Cold-Weather Podcasts - The New York Times

Cold-Weather Podcasts – The New York Times

Cold-Weather Podcasts – The New York Times

Cold-Weather Podcasts – The New York Times

As the holiday season retreats and the long slog of the winter months looms, you can fight the mood or embrace it. Here’s a playlist of cold-weather podcasts, some fiction, some nonfiction, all well-told and produced, and all set in the snow.

For musical-theater nerds:

Audio dramas — podcast-industry lingo for fictional podcasts — can sometimes get in trouble if a show is too well done. If a work of fiction presented in the style of true crime is too perfect in its mimicry, audiences can feel duped (see: the furious reviewers of the “The Heads of Sierra Blanca”). While “In Strange Woods” starts with your standard true-crime reporter’s narration of the disappearance of a teenage boy in the snowy woods of Minnesota, within a few minutes any question of vérité is completely removed when the characters break into song. If you don’t love musical theater, you may want to skip it. But the vocal performances are beautiful;, the songs add drama in a way that manages not to be annoying; and the show’s protagonist, a little sister grieving for her brother, makes for a compelling story that is still unfolding — so far, three “chapters” of the five-episode limited series have been released.

For storytelling lovers:

The magic of live-storytelling podcasts like “The Moth” and “Snap Judgment” is the way they collapse the space between your headphones and the speaker onstage. “Dark Winter Nights” began in 2014 with the goal of bringing Alaskan stories to whomever would listen. These live-event recordings are designed to transport you into “the stories we tell up here in Alaska, on dark winter nights,” according to the host and creator, Robert Prince, a professor of documentary filmmaking at the University of Alaska, Fairbanks. The tales range from the magnificent to the mundane, like a blind Alaskan finally “seeing” a whale on a trip with her family, or another running from unseasonably awake bears.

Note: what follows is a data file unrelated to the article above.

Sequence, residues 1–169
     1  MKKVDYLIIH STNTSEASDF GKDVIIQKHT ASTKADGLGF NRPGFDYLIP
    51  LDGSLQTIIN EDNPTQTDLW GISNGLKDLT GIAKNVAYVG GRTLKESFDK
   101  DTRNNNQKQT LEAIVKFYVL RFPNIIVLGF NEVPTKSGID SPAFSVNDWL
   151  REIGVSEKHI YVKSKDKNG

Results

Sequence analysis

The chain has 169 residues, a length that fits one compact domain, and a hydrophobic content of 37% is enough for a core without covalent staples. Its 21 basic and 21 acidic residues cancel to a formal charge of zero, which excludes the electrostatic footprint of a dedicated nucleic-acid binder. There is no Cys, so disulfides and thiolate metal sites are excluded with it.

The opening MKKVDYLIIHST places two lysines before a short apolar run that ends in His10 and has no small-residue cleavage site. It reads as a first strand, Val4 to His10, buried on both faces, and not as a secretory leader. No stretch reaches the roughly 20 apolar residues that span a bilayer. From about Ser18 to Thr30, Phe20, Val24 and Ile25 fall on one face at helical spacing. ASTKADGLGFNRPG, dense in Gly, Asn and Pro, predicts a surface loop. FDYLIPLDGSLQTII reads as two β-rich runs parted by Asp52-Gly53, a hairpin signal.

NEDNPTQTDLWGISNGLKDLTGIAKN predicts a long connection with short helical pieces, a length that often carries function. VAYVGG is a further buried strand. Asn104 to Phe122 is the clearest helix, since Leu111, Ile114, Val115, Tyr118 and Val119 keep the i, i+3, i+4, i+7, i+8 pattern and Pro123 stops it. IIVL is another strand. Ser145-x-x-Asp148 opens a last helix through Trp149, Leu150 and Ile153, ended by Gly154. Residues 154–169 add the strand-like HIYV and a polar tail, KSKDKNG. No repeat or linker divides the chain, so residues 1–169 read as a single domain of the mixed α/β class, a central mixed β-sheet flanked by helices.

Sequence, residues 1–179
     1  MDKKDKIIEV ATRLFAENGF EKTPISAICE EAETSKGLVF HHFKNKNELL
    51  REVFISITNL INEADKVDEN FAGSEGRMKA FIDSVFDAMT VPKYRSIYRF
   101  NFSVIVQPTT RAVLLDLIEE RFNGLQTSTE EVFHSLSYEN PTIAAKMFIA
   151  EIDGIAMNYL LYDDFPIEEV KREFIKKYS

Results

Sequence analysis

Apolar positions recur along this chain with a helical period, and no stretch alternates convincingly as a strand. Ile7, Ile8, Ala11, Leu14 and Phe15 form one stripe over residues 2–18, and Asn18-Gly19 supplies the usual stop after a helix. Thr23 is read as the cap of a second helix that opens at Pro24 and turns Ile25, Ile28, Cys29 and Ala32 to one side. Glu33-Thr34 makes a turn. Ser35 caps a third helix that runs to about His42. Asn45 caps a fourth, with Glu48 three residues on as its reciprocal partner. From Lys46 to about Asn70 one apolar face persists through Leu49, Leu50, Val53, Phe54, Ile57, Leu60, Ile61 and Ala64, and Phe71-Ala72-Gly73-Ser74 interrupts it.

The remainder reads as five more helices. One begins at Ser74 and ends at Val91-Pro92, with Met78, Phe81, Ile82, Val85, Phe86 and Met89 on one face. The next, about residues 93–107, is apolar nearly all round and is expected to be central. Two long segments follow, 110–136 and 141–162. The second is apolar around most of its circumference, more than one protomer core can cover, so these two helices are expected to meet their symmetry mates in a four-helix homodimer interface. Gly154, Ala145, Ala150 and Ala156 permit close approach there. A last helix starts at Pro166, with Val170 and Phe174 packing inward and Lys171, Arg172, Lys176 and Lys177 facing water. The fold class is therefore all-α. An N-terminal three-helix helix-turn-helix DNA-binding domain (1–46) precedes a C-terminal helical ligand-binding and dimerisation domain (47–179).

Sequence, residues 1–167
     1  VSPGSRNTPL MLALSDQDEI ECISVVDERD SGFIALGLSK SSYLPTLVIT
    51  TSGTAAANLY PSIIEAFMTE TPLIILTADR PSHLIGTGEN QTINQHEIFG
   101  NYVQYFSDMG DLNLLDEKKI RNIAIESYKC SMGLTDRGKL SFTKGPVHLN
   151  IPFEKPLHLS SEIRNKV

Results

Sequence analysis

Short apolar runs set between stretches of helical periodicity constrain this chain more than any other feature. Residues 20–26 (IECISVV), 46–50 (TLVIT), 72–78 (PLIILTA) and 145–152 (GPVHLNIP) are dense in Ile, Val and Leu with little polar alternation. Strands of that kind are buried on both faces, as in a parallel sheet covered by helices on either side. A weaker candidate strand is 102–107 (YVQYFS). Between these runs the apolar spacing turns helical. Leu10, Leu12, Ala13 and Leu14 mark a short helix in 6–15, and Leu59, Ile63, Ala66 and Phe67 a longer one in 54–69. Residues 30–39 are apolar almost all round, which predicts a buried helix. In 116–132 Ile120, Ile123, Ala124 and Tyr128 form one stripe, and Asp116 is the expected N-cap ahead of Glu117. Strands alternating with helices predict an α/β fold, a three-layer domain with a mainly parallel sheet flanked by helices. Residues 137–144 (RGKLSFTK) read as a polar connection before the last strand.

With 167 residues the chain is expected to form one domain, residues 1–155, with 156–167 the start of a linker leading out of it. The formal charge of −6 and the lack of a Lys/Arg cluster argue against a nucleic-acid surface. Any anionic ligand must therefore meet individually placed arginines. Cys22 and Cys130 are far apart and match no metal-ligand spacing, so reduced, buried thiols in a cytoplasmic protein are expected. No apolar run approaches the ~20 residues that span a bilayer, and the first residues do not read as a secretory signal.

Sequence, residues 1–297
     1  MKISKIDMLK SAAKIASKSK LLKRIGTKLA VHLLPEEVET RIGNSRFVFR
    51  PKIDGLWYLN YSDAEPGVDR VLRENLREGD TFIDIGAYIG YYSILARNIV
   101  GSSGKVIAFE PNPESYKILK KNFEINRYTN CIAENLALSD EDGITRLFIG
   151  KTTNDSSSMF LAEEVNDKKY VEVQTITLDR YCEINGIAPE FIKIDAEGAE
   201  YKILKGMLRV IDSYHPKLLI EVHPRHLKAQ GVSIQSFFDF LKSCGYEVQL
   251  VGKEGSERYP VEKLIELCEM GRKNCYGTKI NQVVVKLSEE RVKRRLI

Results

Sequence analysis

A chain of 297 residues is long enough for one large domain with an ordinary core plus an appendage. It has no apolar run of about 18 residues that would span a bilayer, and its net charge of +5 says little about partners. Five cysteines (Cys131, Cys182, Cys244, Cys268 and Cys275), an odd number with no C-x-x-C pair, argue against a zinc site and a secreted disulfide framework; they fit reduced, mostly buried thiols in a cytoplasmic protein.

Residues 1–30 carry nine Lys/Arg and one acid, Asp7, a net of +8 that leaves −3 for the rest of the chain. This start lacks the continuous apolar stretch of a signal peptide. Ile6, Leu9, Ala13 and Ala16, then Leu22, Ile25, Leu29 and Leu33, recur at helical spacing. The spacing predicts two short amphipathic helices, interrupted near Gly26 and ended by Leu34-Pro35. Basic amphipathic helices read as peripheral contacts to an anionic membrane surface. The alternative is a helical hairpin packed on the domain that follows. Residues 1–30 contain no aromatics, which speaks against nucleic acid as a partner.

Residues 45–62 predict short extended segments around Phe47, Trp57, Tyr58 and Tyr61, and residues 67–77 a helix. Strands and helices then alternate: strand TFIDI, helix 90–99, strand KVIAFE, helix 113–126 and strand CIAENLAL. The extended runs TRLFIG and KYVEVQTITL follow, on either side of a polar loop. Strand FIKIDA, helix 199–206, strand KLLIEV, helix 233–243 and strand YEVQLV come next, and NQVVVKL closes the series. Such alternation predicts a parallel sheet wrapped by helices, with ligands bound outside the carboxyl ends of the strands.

For sports fans:

When it comes to cold weather athletics and a beautifully sound-designed story, most podheads likely think of the audio maker Rose Eveleth’s “On the Ice” episode for ESPN’s “30 for 30” podcast series. In this classic piece of sports journalism, Eveleth shares the story of the women who led the first all-female trek to the North Pole in 1997 (“no expedition experience necessary” read the classified ad that drew them). While the challenge at the center of the story seems the cruel conditions of the Arctic, the beauty in it comes not just from the women’s journey to the top of the world, but also from the lives they left behind. For those who miss the Winter Olympics and stories of female athletes triumphing against impossible odds, try the “Out of the Woods” episode by Bonnie Ford, about the 1984 kidnapping of the Olympic biathlete Kari Swenson.

For true-crime freaks:

Wondery became a major podcast player by churning out buzzy and bingeable series, and it has one thing down pat: true crime. And as all good true-crime fans know, there is nothing quite as enticing as cracking open a cold case. With Wondery as a partner, the Salt Lake TV station KSL did just that in the case of Susan Powell, a Utahan mother of two who vanished on a blizzardy evening in December 2009. After her husband, Josh, the main suspect, killed himself and their sons in a fire two years later, local police declared the case closed. But with the help of Wondery, the KSL reporter Dave Cawley sifts through the evidence, conducts new interviews and unearths the dark legacy of psychological and emotional abuse within the Powell family in this well-told and, of course, bingeworthy 18-episode series.

For kids:

Children (and their adults) who love the X-Men and other tales of youths with innate powers will get lost in this fictional saga. “Six Minutes” tells the story of Holiday, an 11-year-old with total amnesia who is found adrift in icy Alaskan waters by the Anders family. They adopt her immediately, telling Holiday that she is their own. But Holiday’s shrouded past slowly reveals itself, along with some superhuman abilities. The story is told in six -minute-long increments, and adds up to an epic, 200-episode adventure.

Join The New York Times Podcast Club on Facebook for more suggestions and discussions about all things audio.


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